Al, what I want you to do is stand with your feet together. Come over here just a little bit. Feet together, then what I'm going to have you do is just jump onto the left side and take all your weight and drive it into the left heel. Left heel. Do that for me again.
Feet are together, and he jumps. Now, as you notice, he's having to shake a little bit to stabilize. This is a great exercise to start to feel that glute really load. If you don't actually increase the amount of force and work that the left glute's doing, what you'll end up doing on the downswing is just kind of spinning out.
What he's actually doing is loading, activating that glute, and then rotating so it's a much more powerful move. This exercise gets you the feeling of what it takes in order to be able to stabilize your golf swing effectively.
Keep in mind, when this starts to happen, everything's moving at full speed. Now, as we start to come down and everything's going, this glute better be really, really strong or you're not going to have any control over what's going on in the downswing.
Al, do that for me one more time. You'll notice that he's not jumping to the ball of his foot first. He's landing on his heel. That's important because we want to activate that glute. We don't need to do this jumping from very high. It's just a little hop so you can feel that glute activate.
Al, step into a lunge position for me, if you will. Actually, turn sideways for me. Go ahead and set up. Drop your foot back.
Now what we want to see is, as he's going to do this lunge, that his knee is in neutral joint alignment, or basically the back of his knee is going over the center of his ankle.
Now go ahead and drop down. Notice as he goes down, his knee doesn't move forward over the ball of his foot. It stays here. Now go ahead and push up. That isolates the movement to the glute. Now go ahead and go down again.
Now he can really feel that glute muscle start to activate. It's a great exercise for you to start to strengthen that glute so that you have stability on the way down. Now go ahead and do it incorrectly. Let your knee move forward. Now you feel it here, right?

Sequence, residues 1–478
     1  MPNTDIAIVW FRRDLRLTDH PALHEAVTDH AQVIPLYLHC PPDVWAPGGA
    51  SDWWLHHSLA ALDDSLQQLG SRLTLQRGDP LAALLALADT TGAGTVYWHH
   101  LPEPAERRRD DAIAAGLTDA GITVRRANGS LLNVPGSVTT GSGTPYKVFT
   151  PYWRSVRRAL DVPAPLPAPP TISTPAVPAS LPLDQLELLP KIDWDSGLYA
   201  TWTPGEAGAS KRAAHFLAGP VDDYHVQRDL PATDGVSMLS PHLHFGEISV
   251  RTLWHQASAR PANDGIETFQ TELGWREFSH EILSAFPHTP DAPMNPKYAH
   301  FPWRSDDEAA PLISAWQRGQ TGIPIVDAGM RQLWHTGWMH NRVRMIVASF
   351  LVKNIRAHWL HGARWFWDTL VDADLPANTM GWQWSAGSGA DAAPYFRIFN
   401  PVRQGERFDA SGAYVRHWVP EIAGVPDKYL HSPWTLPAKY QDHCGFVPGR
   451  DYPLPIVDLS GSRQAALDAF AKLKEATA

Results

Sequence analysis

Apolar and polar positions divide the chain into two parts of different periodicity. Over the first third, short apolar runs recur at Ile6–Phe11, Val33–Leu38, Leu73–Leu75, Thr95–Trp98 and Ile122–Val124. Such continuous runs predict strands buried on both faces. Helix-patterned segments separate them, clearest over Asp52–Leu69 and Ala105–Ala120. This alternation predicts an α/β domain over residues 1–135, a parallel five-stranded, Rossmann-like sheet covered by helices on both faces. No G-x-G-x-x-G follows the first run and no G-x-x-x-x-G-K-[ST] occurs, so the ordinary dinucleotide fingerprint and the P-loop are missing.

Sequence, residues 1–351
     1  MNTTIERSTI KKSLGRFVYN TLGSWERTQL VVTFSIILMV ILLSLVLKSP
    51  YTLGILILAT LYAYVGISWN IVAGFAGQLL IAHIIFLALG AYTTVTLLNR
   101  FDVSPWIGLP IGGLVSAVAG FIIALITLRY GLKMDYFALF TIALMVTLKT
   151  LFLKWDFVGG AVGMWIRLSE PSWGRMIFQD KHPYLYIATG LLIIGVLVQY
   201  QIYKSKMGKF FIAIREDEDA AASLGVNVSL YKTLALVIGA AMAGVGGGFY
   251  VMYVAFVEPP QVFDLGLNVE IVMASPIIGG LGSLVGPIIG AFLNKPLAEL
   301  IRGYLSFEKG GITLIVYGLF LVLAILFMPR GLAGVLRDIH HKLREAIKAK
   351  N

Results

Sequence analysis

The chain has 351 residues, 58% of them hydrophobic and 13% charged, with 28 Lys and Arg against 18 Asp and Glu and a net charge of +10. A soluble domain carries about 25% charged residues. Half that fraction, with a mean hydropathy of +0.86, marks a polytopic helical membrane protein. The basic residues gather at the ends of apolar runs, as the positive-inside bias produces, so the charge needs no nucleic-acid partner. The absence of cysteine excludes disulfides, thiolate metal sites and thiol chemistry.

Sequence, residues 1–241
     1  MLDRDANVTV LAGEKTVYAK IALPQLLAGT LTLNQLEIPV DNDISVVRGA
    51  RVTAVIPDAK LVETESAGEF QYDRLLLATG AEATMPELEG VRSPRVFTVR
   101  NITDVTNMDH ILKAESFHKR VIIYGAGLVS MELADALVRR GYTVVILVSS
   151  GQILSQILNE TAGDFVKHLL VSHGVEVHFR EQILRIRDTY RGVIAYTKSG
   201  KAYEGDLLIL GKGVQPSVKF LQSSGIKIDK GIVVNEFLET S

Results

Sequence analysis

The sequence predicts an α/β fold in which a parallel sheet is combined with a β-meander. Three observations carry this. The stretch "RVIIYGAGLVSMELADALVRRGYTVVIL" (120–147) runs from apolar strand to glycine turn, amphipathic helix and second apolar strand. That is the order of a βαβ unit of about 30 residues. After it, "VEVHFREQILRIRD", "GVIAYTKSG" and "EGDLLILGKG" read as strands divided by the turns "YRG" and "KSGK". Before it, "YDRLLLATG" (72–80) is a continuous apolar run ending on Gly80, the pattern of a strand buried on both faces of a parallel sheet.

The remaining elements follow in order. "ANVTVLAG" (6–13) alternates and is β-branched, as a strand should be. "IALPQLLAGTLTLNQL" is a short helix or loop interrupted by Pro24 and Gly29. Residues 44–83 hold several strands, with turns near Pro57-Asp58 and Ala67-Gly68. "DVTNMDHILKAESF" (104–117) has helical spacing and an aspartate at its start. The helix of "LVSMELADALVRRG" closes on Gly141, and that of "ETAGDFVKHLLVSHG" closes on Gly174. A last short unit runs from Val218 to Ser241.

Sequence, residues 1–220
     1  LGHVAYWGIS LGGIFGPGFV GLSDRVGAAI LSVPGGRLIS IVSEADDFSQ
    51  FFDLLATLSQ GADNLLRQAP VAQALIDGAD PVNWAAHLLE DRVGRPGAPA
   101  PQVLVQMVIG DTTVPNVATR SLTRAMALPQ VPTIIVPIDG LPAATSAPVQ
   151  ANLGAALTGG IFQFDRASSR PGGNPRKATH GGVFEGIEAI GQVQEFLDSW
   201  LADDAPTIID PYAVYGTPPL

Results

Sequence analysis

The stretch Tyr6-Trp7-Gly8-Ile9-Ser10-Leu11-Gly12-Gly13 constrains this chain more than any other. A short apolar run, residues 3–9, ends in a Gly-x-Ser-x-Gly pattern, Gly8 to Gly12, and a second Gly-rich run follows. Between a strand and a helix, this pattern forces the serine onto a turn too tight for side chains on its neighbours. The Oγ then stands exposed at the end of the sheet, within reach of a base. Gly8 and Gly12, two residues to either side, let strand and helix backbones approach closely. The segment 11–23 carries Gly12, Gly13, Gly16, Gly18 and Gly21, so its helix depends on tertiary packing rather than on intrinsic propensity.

Al: I feel it in my quads.
Chuck: OK. Now we've taken that glute and we've gone back to the weight on the ball of the foot, the primary balancing joint is the ball of the foot, and we're doing it incorrectly again, where we don't have that stability we're looking for.
Do these two exercises, and then the last thing that you're going to do is just sequence it the way Al was. Go ahead and face the camera for me one more time. Go to the top.
This is the sequencing we're looking for. The last video, we talked about loading into that right hip, having that right hip line. Now he's going to start to set into that left side, where he drives this left heel into the ground. What he's feeling is trying to transfer the vast majority of his weight onto that left heel.
Now he's going to start to pull from this left oblique to start to unwind the downswing, then get off his right heel.
You might notice a little bit of weight on the right big toe. That's perfectly OK. We're not transferring 100 percent of our weight to the left; there will still be a little bit back there. Then he's going to go ahead and go on through to a follow through.
That's the sequence that you're going to start to practice in front of the mirror, until you master this movement. It's going to go right heel, left heel, and then unwind. You do these things, your downswing is going to improve.
I saw such an improvement in my golf swing by being a free member that I wanted the full benefits of a premium membership. I'm a notorious range rat who has learned more with my premium membership than I have from thousands of dollars of lessons and training aids over the past 20 years.
Excellent, thorough, detailed and comprehensive free information had me wanting more and the price/value was excellent.
The swing instruction offered by the free version made it apparent that this is the right way to perfect the golf swing (or get as close as possible). Just a few videos on how to start the backswing and initiate the downswing made a huge difference in my consistency.
After watching the free videos, I quickly realized the golf action Chuck is teaching is based on common sense fundamentals that most tour professionals use today. I also realized Chuck had a talent for explaining the golf swing in a way that makes sense.